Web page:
Management applications can use a single Windows API to manage storage types by using SMP or standards-based protocols such as Storage Management Initiative Specification (SMI-S). The WMI-based interface provides a single mechanism through which to manage all storage, including non-Microsoft intelligent storage subsystems and virtualized local storage (known as Storage Spaces).

Figure 13 shows the unified storage management architecture.

Figure 15 Unified storage management architecture

7.6.1 Windows Offloaded Data Transfers (ODX)

Whenever possible, the speed of your virtualization platform should rival that of physical hardware. Offloaded data transfers (ODX) is a feature in the storage stack in Windows Server 2012 R2. When used with offload-capable SAN storage hardware, ODX lets a storage device perform a file copy operation without the main processor of the server running Hyper-V reading the content from one storage place and writing it to another.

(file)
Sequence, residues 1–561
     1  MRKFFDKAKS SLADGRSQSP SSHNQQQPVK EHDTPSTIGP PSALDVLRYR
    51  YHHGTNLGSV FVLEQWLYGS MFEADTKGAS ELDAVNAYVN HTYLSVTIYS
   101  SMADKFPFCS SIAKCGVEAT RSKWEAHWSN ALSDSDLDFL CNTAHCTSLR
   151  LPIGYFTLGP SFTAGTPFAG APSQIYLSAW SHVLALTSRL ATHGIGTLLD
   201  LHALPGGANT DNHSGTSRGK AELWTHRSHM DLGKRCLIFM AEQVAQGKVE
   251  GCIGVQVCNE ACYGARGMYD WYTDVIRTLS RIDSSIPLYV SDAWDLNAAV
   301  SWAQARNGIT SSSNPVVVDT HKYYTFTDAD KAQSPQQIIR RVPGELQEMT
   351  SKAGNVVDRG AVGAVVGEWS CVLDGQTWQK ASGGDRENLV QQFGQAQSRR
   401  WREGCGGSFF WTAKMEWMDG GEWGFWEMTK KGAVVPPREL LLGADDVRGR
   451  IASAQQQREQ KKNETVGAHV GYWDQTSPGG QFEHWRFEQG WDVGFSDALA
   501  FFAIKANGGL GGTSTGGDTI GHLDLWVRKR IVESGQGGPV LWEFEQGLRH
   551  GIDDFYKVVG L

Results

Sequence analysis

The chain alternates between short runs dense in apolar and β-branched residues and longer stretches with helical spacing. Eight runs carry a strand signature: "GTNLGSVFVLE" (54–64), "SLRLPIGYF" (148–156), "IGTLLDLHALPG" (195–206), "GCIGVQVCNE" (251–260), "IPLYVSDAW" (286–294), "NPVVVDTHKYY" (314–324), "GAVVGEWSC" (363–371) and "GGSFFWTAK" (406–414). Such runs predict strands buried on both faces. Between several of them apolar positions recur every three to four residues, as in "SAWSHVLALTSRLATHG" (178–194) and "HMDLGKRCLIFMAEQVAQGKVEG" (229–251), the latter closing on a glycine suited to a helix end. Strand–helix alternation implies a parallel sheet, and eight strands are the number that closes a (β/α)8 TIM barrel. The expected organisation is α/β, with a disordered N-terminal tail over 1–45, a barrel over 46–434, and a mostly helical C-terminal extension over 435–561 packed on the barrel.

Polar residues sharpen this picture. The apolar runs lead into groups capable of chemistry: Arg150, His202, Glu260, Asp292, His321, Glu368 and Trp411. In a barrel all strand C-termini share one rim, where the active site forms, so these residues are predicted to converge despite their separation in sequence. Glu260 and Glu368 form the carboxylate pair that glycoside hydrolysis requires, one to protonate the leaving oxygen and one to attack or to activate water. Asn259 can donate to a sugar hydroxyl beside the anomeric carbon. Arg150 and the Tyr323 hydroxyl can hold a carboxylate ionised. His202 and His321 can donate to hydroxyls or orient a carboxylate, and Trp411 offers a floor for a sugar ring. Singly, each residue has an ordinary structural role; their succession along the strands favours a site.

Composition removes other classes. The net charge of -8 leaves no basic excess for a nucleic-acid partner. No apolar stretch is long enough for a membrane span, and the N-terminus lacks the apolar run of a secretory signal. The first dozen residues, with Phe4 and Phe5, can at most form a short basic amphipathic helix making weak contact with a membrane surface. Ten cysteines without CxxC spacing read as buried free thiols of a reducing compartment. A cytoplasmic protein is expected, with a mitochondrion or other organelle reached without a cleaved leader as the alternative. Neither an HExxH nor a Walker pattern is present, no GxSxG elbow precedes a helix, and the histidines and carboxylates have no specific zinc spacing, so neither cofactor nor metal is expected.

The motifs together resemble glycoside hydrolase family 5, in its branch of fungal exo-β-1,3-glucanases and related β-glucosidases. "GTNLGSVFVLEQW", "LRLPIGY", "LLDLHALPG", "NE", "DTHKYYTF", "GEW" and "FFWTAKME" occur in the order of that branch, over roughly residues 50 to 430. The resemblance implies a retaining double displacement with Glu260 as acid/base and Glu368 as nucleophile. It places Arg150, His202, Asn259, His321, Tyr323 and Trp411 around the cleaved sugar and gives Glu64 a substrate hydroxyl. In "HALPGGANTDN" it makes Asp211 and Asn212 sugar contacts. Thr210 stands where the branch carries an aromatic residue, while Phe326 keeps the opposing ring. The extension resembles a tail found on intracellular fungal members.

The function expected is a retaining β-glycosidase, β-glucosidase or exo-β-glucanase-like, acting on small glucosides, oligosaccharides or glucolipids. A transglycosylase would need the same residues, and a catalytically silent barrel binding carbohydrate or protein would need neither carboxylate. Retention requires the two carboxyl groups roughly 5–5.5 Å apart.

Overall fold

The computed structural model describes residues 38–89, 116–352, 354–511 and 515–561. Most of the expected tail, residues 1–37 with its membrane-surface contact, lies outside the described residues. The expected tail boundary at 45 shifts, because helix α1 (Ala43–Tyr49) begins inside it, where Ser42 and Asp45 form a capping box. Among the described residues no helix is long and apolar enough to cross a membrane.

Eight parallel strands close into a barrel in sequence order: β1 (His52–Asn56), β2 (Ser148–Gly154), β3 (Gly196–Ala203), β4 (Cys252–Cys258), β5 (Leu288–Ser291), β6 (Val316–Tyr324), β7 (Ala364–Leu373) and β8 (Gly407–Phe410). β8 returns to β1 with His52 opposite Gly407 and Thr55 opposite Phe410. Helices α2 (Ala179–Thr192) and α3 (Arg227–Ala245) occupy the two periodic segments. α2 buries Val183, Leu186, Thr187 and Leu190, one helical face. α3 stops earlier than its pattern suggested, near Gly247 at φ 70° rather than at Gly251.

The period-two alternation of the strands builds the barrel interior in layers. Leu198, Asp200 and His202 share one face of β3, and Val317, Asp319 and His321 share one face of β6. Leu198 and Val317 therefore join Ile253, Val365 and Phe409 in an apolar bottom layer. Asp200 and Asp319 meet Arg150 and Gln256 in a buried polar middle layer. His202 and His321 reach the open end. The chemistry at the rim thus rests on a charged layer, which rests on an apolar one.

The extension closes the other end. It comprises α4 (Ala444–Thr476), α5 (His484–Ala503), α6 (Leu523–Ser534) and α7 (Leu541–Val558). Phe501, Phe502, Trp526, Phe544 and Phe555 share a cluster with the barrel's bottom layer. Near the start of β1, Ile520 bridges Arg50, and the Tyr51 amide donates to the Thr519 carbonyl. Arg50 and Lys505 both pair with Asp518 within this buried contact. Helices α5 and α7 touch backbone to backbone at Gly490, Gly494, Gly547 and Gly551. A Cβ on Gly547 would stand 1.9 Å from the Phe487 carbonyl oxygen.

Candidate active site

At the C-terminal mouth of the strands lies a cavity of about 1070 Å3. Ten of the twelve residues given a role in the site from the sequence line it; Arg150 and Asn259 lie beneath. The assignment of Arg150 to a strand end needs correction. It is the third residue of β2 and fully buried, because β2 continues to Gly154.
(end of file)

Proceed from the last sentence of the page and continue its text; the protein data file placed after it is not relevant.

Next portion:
ODX enables rapid provisioning and migration of virtual machines, and it provides significantly faster transfers of large files, such as database or video files. By offloading the file transfer to the storage array, ODX minimizes latencies, promotes the use of array throughput, and reduces host resource usage such as central processing unit (CPU) and network consumption.

File transfers are automatically and transparently offloaded when you move or copy files, regardless of whether you perform drag-and-drop operations in Windows Explorer or use command-line file copy commands. No administrator setup or intervention is necessary.

8 Network Architecture

A variety of designs and new approaches to data center networks have emerged in recent years. The objective in most cases is to improve resiliency and performance while optimizing performance for highly virtualized environments.

8.1 Network Architecture Patterns

8.1.1 Hierarchical

Many network architectures include a hierarchical design with three or more tiers including the core tier, the aggregation (or distribution) tier, and the access tier. Designs are driven by the port bandwidth and quantity that are required at the edge, in addition to the ability of the core and aggregation tiers to provide higher speed uplinks to aggregate traffic. Additional considerations include Ethernet broadcast boundaries and limitations and loop-avoidance technologies.